On My Home Planet

I have an opinion about everything, and here it is for the world to see.

Hating on: morons, self-righteous political extremists, the man-and-baby-hating strain of feminism, CraigsList, yuppies, careerists, white liberal guilt, people devoid of any sense of morals or personal responsbility, and other generally clueless and misguided types who continually piss me off.

Friday, March 17, 2006

What awful book am I?

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I first read Heart of Darkness in 1997, the last book for my senior year high school AP English class. Being days away from graduation/escaping my parents' house, I skimmed through it not really caring if I passed the multiple choice test. Come to think of it, I think I remember our class launching a coup d'etat of sorts and not even taking the test.

Too bad I didn't read it for class my senior year of college, when I'd have appreciated it much more. The story of a man from a developed country going to live in a third world jungle and slowly losing his mind would have been much more germane to my life - I was back in the US after a year in a third world jungle of my own on a junior year abroad. Seriously, there is just something about corruption everywhere, being harassed by psycho cops whose last thought is law and order, being turned away from hospitals because my skin's the "wrong" color, people not air-conditioning buildings when its 40 Celcius (approx. "hot as hell" Farenheit), and seeing malnourished children dying on the streets that brings out the worst in a person. Or at least this person. I was totally evil by the end of my study abroad program, having lost much idealism and faith in humanity. To a point, yes, one does have to fight tooth and nail to survive, but having that fight kicked into high gear and sustained that way brings out the evil in me. I thought back to that book often. Unfortunately, they don't have libraries in third world rathole countries so I couldn't re-read Heart of Darkness. Of course by the time I got back to the US, I was too busy reading other books for senior year college classes, and didn't have time for pleasure reading.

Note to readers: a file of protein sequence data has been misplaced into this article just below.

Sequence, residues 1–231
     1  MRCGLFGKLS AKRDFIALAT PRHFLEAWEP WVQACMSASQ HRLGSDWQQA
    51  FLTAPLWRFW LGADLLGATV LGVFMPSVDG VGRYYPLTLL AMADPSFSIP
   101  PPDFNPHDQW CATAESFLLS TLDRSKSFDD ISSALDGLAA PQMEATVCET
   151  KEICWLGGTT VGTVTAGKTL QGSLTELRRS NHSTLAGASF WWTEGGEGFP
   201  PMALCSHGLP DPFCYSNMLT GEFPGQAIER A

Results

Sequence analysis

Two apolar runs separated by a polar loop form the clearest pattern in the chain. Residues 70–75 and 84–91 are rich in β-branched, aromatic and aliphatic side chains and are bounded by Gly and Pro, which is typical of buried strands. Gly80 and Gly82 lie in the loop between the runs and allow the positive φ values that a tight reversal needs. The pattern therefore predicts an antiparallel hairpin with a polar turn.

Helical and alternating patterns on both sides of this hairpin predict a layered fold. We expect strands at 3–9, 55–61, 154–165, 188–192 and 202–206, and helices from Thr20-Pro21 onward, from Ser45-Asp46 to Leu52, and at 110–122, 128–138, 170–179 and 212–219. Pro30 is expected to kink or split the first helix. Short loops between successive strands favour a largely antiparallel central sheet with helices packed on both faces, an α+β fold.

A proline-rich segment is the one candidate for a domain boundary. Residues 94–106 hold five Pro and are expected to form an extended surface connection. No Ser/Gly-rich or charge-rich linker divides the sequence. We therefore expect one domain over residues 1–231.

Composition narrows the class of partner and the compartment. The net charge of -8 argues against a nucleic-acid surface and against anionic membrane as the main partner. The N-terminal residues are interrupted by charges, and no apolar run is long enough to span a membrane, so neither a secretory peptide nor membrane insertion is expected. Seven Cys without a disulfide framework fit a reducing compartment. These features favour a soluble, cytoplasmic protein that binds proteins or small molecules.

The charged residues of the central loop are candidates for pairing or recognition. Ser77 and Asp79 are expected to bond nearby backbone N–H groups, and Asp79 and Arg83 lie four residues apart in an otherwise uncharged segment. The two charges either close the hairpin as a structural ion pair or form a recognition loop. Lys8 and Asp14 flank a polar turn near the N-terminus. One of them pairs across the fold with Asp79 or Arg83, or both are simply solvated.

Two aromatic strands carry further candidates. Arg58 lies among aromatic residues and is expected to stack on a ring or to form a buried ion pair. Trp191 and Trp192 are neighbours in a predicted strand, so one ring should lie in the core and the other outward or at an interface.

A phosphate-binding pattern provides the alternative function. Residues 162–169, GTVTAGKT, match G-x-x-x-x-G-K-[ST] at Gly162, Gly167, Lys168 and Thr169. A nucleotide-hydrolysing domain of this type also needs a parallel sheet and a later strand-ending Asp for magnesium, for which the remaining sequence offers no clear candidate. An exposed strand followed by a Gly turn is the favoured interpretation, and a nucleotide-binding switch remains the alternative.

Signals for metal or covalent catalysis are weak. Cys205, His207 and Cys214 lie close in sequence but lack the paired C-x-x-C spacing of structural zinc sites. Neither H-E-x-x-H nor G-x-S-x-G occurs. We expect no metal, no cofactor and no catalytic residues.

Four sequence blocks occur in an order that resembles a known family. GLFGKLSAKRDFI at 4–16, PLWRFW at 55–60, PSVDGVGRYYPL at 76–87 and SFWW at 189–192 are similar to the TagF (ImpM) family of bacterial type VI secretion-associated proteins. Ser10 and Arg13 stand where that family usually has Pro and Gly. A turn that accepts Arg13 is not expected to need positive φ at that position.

I have seriously never understood why English teachers, most of whom seem to be reasonably good people, take such pleasure in cramming shitty books down teenagers' throats. Why the hell do you make us read Herman Melville, Beowulf, Shakespeare and other crap when there are multitudes of fascinating, deep, enjoyable to read books out there. How about The Poisonwood Bible, The Stand, anything VC Andrews (not her ghostwriter) wrote, Gregory Maguire's fractured fairy tales, Valley of the Dolls, A Wrinkle in Time... the list of interesting, enjoyable, quality books from which one can glean foreshadowing, symbolism, etc stretches on and on. What I should have learned in high school english is that reading = frustrating. Thank God the Internet and cable still sucked when I was a child, otherwise I'd be illiterate.

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